This article written by Derek Lawrenson and published at the dailymail.co.uk is an awesome read. Rory McIlroy truly is in rarified air at the moment and from the look of things, he is in position to dominate the game for the foreseeable future.
Derek makes the following points to begin his piece…
- McIlroy will now only be compared to Jack Nicklaus and Tiger Woods
- He has pulled alongside the likes of Raymond Floyd and Ernie Els on the all-time majors list following his triumph at the US PGA Championship
- McIlroy ranks as the third most successful European golfer in majors. Only Seve Ballesteros (five) and Sir Nick Faldo (six) have won more
… In the hometown of The Greatest, it seemed only appropriate to talk about 12 rounds. Twelve rounds of golf that have changed the sport’s landscape entirely and will go down in the annals as creating a new standard for the European game.
Spread over three tournaments, what began in bright sunlight on the ancient links at Hoylake at The Open in July ended on Sunday in darkness on the modern stadium course at Valhalla in Louisville.
Rory McIlroy went into those trio of events with doubts about his ability to play the most venerable form of the game; with freaky Fridays swirling his conscience.
He ends them the complete player, having shown a mastery of every shot and emotion. The only players he will ever be compared to again are Jack Nicklaus and Tiger Woods. While he will surely never reach the majors total of the former, or assume quite the level of dominance of the latter, he might actually have more strings to his bow than either.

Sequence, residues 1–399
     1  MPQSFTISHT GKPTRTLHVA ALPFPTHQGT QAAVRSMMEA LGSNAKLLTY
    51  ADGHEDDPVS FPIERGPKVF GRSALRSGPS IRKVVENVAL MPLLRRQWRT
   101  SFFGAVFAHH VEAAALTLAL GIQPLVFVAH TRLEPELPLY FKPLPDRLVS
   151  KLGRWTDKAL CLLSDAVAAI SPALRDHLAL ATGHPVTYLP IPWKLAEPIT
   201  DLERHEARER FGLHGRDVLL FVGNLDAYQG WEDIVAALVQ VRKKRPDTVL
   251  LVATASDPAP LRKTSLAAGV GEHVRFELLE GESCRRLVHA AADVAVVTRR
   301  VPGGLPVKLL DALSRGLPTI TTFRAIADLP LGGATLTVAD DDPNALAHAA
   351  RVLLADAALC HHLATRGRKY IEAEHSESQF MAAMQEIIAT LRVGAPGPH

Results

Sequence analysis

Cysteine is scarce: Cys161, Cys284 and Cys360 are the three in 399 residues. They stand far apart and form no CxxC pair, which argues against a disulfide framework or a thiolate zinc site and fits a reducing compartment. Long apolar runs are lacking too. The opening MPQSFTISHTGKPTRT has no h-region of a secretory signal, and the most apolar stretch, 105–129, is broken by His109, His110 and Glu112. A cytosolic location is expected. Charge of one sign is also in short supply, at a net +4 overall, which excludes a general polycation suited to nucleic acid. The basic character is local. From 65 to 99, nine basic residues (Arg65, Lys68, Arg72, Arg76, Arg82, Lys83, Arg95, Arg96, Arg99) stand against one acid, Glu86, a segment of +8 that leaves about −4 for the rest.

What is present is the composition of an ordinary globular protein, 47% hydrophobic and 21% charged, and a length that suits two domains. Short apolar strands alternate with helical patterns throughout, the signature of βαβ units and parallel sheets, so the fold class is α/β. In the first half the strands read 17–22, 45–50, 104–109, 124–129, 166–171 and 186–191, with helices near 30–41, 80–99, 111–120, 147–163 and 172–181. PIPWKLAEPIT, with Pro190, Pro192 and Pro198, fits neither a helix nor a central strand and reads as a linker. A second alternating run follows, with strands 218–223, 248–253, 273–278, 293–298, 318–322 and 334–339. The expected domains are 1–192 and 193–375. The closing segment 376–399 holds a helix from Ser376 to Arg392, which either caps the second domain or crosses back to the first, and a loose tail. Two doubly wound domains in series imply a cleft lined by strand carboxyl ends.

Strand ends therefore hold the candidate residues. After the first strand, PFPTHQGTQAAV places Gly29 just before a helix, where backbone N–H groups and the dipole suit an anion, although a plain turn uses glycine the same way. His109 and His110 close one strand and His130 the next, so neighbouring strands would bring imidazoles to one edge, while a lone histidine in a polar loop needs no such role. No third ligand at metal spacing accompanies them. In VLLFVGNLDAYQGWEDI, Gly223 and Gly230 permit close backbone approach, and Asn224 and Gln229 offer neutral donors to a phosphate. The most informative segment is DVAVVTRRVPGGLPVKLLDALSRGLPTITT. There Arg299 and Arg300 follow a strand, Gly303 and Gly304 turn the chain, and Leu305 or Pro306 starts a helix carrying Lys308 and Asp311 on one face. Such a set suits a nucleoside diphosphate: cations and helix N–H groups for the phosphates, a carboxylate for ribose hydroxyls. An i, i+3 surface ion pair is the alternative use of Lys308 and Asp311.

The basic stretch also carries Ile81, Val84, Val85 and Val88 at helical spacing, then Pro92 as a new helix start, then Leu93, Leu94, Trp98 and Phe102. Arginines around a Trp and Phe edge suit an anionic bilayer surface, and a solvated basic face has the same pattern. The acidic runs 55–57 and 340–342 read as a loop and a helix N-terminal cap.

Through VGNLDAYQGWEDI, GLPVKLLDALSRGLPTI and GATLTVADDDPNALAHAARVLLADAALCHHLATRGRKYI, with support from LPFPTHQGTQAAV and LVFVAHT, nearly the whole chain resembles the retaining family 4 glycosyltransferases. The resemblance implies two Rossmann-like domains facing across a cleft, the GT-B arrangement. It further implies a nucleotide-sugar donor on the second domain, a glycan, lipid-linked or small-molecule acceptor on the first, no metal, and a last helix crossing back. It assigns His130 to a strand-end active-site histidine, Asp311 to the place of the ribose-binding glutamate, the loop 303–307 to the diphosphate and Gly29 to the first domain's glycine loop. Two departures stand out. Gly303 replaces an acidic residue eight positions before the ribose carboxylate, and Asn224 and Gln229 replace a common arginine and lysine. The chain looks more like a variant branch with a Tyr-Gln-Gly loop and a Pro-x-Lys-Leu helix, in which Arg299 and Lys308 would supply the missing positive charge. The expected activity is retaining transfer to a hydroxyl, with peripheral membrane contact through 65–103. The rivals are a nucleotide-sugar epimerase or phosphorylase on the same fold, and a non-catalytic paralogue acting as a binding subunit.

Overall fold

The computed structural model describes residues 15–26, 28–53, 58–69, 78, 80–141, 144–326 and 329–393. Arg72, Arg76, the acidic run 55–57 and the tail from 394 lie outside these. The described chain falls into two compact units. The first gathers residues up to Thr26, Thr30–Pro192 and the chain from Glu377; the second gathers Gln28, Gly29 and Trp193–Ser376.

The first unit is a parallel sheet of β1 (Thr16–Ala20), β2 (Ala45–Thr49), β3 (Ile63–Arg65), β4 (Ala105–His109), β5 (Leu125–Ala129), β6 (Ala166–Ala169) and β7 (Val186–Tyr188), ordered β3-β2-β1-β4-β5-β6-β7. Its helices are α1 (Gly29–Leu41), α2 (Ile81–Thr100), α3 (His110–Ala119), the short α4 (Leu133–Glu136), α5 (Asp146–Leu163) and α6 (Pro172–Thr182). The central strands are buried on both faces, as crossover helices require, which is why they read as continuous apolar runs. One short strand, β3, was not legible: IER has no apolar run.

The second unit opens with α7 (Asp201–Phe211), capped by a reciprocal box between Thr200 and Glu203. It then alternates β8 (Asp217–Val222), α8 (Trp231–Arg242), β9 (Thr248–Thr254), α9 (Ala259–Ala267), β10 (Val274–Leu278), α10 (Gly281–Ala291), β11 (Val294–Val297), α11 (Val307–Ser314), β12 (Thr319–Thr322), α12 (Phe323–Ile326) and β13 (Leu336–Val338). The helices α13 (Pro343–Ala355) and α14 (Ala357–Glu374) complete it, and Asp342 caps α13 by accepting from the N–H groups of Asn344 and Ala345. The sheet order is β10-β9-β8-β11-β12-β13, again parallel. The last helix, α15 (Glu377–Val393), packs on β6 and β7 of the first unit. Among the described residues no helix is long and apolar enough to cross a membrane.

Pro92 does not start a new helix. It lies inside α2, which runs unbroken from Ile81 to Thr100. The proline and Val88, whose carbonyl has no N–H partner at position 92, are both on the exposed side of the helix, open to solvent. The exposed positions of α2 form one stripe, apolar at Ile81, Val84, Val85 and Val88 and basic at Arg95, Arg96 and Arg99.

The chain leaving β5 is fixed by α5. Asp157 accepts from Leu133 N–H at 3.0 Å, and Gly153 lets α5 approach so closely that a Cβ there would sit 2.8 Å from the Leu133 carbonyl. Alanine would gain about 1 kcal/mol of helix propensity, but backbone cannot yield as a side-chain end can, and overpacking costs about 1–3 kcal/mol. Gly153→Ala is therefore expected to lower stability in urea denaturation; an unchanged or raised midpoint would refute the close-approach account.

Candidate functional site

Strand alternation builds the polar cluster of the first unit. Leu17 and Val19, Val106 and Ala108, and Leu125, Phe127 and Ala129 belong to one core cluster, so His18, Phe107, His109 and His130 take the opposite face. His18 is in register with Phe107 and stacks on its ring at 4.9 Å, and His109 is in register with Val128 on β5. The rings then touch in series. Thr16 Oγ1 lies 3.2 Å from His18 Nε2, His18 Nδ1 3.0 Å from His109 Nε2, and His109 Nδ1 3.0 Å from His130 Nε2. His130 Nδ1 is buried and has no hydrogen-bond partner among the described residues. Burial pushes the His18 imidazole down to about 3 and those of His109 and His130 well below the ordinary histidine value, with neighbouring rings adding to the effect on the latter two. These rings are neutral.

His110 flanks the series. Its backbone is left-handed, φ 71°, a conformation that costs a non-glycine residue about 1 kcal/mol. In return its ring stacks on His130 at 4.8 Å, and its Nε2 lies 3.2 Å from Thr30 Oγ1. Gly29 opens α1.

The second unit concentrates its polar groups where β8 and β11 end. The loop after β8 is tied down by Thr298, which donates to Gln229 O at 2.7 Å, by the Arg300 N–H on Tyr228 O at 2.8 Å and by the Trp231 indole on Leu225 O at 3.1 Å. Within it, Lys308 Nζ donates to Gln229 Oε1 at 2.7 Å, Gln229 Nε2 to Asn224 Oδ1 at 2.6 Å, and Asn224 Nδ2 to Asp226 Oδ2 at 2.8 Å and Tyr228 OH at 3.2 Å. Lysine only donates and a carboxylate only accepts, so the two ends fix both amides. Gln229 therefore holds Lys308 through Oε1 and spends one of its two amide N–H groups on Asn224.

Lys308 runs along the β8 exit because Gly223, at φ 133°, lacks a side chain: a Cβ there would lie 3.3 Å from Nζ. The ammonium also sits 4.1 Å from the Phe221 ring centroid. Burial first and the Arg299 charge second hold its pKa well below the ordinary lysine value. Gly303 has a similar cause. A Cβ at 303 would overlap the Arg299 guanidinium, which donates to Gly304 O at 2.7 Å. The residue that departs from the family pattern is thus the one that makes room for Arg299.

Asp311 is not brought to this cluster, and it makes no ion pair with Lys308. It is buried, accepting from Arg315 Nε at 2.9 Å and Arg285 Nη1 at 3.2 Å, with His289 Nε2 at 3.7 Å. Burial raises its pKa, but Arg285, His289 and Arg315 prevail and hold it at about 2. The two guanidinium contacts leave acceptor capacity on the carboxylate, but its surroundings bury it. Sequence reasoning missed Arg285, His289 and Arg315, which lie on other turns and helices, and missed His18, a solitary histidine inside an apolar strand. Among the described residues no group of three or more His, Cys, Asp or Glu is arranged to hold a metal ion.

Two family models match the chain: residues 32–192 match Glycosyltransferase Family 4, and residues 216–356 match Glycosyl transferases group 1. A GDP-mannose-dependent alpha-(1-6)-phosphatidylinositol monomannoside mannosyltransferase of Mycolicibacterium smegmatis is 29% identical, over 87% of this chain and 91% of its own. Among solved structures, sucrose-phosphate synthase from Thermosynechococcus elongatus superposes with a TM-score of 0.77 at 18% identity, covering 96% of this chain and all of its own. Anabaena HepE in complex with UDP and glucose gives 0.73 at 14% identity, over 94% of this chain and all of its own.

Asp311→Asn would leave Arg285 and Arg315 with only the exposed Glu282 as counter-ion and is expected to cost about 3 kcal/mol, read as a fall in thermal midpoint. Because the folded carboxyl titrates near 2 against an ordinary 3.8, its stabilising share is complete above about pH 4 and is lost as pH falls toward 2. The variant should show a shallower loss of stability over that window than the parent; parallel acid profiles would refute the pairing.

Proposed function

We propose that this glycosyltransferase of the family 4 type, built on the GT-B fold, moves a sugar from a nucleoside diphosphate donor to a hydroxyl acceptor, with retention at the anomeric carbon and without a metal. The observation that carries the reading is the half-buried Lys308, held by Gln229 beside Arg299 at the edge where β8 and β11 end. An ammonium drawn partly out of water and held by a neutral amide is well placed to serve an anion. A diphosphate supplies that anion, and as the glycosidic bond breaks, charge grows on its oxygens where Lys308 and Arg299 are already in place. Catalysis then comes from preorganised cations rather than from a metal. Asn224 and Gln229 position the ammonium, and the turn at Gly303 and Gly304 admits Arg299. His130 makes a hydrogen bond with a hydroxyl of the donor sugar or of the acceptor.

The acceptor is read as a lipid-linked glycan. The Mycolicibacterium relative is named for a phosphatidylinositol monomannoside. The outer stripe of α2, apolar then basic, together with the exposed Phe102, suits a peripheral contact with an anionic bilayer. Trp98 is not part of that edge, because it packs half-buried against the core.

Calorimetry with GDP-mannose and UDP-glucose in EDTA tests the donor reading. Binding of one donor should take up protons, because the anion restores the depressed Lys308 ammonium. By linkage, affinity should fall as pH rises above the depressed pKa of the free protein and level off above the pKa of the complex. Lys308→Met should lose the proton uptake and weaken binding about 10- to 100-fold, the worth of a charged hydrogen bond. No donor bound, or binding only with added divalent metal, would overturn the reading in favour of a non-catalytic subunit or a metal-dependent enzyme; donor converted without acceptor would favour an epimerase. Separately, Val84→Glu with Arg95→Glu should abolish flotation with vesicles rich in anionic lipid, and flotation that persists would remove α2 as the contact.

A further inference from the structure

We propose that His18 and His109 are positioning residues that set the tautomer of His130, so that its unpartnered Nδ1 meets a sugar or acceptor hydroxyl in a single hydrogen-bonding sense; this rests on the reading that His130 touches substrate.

For even the two guardians of the record books had weaknesses. Nicklaus was never a great chipper or bunker player while Woods never won a major coming from behind on the final day. But where is Rory’s weakness, after these 12 rounds?
At Hoylake he showed his ability to learn an alien form, for links play was never his forte; at the WGC-Bridgestone Invitational, a prowess to dominate an event from start to finish. And then at Valhalla came the gossamer touch and all the guts and heart a golfer can display.
McIlroy went into the stretch as a two-time major champion and ends it having doubled his haul and claimed his first WGC title. He has now pulled alongside the likes of Raymond Floyd and Ernie Els on the all-time majors list with seemingly all his best years to come.
He played those 12 rounds in a cumulative total of 48 under, never once going over par and only once — in the final round of The Open, where he shot 71 — did he fail to break 70.
It is worth printing in mind-boggling sequence, for we may never see the like again, given the stature of the tournaments they were delivered in: 66, 66, 68, 71, 69, 64, 66, 66, 66, 67, 67, 68.
The weekend we have just witnessed is right up there with any major you care to mention. It boiled down to four ball strikers performing close to the peak of their powers. We had a five-time major champion in Phil Mickelson; Henrik Stenson rewinding the clock a year and Rickie Fowler hoping to show that while the future might be Rory green, it will have a fairly prominent hue of orange.